Indian Journal of Ophthalmology - Case Reports

: 2021  |  Volume : 1  |  Issue : 4  |  Page : 667--669

Acute posterior multifocal placoid pigment epitheliopathy following human papilloma virus vaccination

Rengin Aslihan Kurt 
 Baskent University Istanbul Hospital, Department of Ophthalmology, Istanbul, Turkey

Correspondence Address:
Dr. Rengin Aslihan Kurt
Baskent University Istanbul Hospital, Department of Ophthalmology, Oymac. Sokak No:7 34662 Altunizade/ Istanbul


A thirty-five-year-old female patient presented with bilateral decreased vision and scotomas in her visual field in both eyes, two weeks after a second dose of human papilloma virus vaccination. After detailed ophthalmological examination she was diagnosed with APMPPE. Due to the visual deterioration shortly after the diagnosis, she was treated with oral prednisolone 1mg/kg. Her visual acuity improved to 20/32 in the right eye and 20/25 in the left eye in the first week, to 20/20 in both eyes in the first month of treatment. Despite rare, HPV vaccination may cause posterior uveitis in form of APMPPE.

How to cite this article:
Kurt RA. Acute posterior multifocal placoid pigment epitheliopathy following human papilloma virus vaccination.Indian J Ophthalmol Case Rep 2021;1:667-669

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Kurt RA. Acute posterior multifocal placoid pigment epitheliopathy following human papilloma virus vaccination. Indian J Ophthalmol Case Rep [serial online] 2021 [cited 2021 Dec 5 ];1:667-669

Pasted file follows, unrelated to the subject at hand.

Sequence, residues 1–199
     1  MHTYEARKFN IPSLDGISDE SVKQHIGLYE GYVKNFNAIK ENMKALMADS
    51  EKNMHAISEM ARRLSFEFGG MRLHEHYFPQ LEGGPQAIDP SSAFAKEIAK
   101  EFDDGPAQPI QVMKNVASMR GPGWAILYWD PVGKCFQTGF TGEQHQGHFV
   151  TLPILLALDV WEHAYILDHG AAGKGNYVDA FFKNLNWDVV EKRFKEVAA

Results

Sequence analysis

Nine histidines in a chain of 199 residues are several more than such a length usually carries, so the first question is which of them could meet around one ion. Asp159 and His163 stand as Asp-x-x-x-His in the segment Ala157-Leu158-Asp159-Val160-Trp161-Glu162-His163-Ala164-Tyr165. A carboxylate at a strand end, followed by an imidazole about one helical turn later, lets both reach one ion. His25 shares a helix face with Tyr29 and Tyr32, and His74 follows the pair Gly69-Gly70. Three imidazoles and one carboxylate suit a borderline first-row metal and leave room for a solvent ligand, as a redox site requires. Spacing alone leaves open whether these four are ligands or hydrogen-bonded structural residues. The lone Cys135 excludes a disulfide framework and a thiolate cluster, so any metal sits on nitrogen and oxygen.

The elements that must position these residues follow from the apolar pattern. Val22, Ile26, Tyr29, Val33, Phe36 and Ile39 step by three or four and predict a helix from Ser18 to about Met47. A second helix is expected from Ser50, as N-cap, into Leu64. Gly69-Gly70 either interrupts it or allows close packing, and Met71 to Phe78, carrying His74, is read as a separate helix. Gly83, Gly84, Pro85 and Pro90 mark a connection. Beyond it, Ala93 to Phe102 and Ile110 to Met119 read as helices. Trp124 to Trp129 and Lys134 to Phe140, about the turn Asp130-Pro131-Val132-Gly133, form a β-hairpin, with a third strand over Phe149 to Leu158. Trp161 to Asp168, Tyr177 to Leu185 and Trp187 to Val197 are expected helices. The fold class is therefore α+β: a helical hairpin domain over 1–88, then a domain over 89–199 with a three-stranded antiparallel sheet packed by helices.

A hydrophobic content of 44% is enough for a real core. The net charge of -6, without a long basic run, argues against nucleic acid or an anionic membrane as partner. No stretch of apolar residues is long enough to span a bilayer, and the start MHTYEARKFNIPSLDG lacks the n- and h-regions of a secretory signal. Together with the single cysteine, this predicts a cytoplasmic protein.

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Full Text

Immunization through vaccination plays a critical role in the prevention of infectious diseases and prevents 2.5 million deaths from infectious diseases each year.[1] Vaccine-related uveitis has an estimated frequency of 10.5/100.000.[2] The underlying mechanism is unclear; nonspecific immune reaction, molecular mimicry, antigen-specific reactions, and effects of adjuvants are the potential etiologic factors.[3]

Acute posterior multifocal placoid pigment epitheliopathy (APMPPE) is a rare, self-limiting inflammatory chorioretinopathy, which is generally bilateral. Cream-colored placoid lesions at the level of the retinal pigment epithelium are the classical examination finding.[4],[5] In this case report, we describe a patient who presented with APMPPE after vaccination against human papillomavirus (HPV).

 Case Report

A 35-year-old female patient presented with decreased visual acuity, photopsias, and scotomas in both eyes for 3 days. She was otherwise healthy and denied any recent viral infections or prodromal symptoms. She had her second injection of quadrivalent HPV vaccine (Gardasil; Merck, Kenilworth, New Jersey) 2 weeks before.